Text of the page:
News Older babies 'sleep better' in their own room
Older babies 'sleep better' in their own room
Posted On: 05/09/2017
"Babies who sleep in separate rooms from their parents have earlier bedtimes, take less time to nod off and get more shut eye," the Mail Online reports on the results of an international survey looking at sleeping locations and outcomes in infants aged 6 to 12 months.
The parents of more than 10,000 infants aged 6 to 12 months completed an app-based questionnaire. As this was a US-based study, the results were split into two categories: the United States and international (Australia, Brazil, Canada, Great Britain and New Zealand).
The results showed babies who slept in separate rooms slept longer, got to sleep quicker, and were more likely to have a bedtime routine than those who slept in the same bed or room as their parents. Parents were also less likely to perceive bedtime as difficult.
The results seem to confirm the findings of a much smaller study we discussed back in June.
But a range of external factors, such as home environment, breastfeeding, and interaction with family and other caregivers, might also affect babies' sleep.
We can't say for certain that separate rooms are better for all infants. The study didn't look at the effect of babies sharing a room with a sibling, for example.
Current NHS guidance recommends keeping your baby in the same room as you in a separate cot for the first six months.
Placing your baby on their back to sleep from the very beginning, for both day and night sleeps, will reduce the risk of sudden infant death syndrome (SIDS).
The study was carried out by researchers from Saint Joseph's University, Philadelphia, the Children's Hospital of Philadelphia, and Johnson and Johnson Consumer, all in the US.
It was funded by JohnsonÂ & Johnson, a multinational medical devices, pharmaceutical and consumer packaged goods manufacturing company, who also developed the mobile app used in this research.
There doesn't seem to be any conflict of interest on the part of the researchers, as the results of the study had no obvious commercial implication.
The study was published in the peer-reviewed journal Sleep Medicine.
The Mail Online generally reported accurately on the results of the study itself, but got muddled by claiming that the findings "contradict guidelines by the American Academy of Pediatrics (AAP), which recommends babies sleep in the same room as their parents for at least the first six months to reduce their risk of sudden infant death syndrome (SIDS)".
This is neither true nor relevant â€“ the study didn't look at the first six months of life, it investigated infants aged 6 to 12 months.
This cross-sectional study used a questionnaire on an app to examine babies' sleep patterns, behaviours and problems in both a US and international sample of infants.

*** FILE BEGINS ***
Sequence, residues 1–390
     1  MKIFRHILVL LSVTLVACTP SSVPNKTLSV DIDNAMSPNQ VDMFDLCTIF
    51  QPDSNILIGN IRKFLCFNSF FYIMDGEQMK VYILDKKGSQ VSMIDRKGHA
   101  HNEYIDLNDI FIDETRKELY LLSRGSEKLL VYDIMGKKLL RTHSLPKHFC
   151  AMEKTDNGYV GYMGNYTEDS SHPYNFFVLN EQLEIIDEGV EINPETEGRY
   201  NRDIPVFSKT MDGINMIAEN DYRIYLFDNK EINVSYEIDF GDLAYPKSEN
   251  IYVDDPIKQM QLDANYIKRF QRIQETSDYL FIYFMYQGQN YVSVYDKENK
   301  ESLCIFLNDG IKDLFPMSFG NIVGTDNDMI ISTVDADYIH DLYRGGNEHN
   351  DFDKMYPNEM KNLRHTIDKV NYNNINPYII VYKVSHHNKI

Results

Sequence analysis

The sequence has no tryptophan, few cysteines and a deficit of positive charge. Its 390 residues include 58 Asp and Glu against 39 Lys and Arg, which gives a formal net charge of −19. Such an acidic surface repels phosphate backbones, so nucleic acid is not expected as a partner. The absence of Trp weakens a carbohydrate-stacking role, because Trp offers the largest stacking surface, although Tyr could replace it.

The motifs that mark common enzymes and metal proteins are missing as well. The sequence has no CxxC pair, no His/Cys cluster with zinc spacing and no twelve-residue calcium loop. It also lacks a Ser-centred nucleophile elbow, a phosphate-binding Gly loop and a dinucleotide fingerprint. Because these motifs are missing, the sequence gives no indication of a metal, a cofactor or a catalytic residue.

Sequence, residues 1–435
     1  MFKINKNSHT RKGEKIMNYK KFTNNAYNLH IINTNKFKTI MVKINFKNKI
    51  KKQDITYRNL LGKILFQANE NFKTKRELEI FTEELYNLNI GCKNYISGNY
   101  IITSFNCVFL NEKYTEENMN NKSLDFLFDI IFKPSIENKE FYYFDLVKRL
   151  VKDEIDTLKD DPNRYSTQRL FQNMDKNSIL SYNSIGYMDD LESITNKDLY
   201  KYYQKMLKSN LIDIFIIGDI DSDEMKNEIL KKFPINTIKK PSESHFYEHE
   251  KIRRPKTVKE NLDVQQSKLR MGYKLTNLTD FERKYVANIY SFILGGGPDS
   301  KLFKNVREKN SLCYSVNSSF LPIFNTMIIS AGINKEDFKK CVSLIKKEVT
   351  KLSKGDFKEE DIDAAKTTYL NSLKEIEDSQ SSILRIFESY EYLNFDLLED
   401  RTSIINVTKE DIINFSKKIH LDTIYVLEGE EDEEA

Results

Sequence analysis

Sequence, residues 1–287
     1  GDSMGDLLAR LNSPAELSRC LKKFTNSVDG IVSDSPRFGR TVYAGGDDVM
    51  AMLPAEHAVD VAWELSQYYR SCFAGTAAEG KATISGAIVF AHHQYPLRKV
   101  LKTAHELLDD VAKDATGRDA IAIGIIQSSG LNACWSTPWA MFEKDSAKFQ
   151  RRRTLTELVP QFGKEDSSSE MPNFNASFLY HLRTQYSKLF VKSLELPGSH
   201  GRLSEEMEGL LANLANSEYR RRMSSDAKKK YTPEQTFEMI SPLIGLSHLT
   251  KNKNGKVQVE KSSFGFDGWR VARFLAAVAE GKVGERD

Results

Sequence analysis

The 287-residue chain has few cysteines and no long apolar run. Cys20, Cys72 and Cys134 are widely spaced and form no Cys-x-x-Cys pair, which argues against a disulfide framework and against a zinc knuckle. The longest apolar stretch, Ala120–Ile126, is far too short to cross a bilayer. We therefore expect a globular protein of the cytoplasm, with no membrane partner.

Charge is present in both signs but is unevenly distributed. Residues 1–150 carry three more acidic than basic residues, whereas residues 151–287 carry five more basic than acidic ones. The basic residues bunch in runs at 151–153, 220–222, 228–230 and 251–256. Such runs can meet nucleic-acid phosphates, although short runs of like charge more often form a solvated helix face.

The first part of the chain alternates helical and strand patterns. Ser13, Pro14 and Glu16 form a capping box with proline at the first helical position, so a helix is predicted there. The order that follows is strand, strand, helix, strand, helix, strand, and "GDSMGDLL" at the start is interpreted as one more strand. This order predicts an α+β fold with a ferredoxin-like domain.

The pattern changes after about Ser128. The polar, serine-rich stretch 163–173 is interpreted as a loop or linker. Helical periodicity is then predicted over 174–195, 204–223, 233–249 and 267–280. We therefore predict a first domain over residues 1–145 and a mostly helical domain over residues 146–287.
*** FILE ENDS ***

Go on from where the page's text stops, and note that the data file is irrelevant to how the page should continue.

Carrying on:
The researchers aimed to see if sleeping arrangements (where the infant slept) affected these sleep-related outcomes.
This type of research can identify patterns and associations between sleep location and sleep outcomes at a specific snapshot in time, but can't show trends over time or look at longer term outcomes.
It also can't determine cause and effect â€“ in other words, that where a baby sleeps directly causes certain sleep outcomes. A range of other factors could also influence this.
Also, it's possible that parents of babies with underlying sleep problems unrelated to where they sleep just prefer to put them in the same bedroom because it's easier for them if their child wakes in the night.
The research involved 6,236 infants and their parents from the US, and 3,798 participants from Australia, Brazil, Canada, Great Britain and New Zealand, who all had infants aged between 6 and 12 months. It looked at the association between sleep location and sleep outcomes.
Participants completed a smartphone app-based expanded version of the Brief Infant Sleep Questionnaire (BISQ). They also reported demographic information. The app, Johnson's Bedtime Baby Sleep, was free and publicly available.
The questionnaire recorded expected developmental changes in infants and the potential influence of environmental factors.
It asked questions on:
The app also included:
The researchers found 37.2% infants aged 6 to 12 months from the US, and 48.4% in the international sample, slept in a separate room from their parents.
US infants sleeping in a separate room:
Similar results were found for the international sample.
The researchers concluded: "These results indicate that infants aged 6 to 12 months who sleep in a separate room have better parent-reported sleep outcomes in terms of increased sleep duration and sleep consolidation, as well as better sleep health practices (i.e. conforming with commonly recommended sleep behaviours) and parent perception of infant sleep."
This study seems to show that parents of infants aged 6 to 12 months who sleep in a separate room report better infant sleep outcomes, such as sleep times and sleep duration, than parents who keep their infant in the same room or bed.
These findings are similar to a study covered in June 2017, which found "independent sleepers" slept for longer aged nine months than room-sharers.
But there are some considerations that need to be taken into account:
If your baby is over the age of six months, there are no known health reasons why they can't sleep safely in their own room as long as they're always placed on their back to sleep.
Get advice about sleep problems in young children.
Babies who sleep in SEPARATE rooms from their parents have earlier bedtimes, take less time to nod off AND get more shut eye. Mail Online, September 4 2017
Mindell JA, Leichman ES, Walters RM. Sleep Location and Parent-Perceived Sleep Outcomes in Older Infants. Sleep Medicine. Published online August 12 2017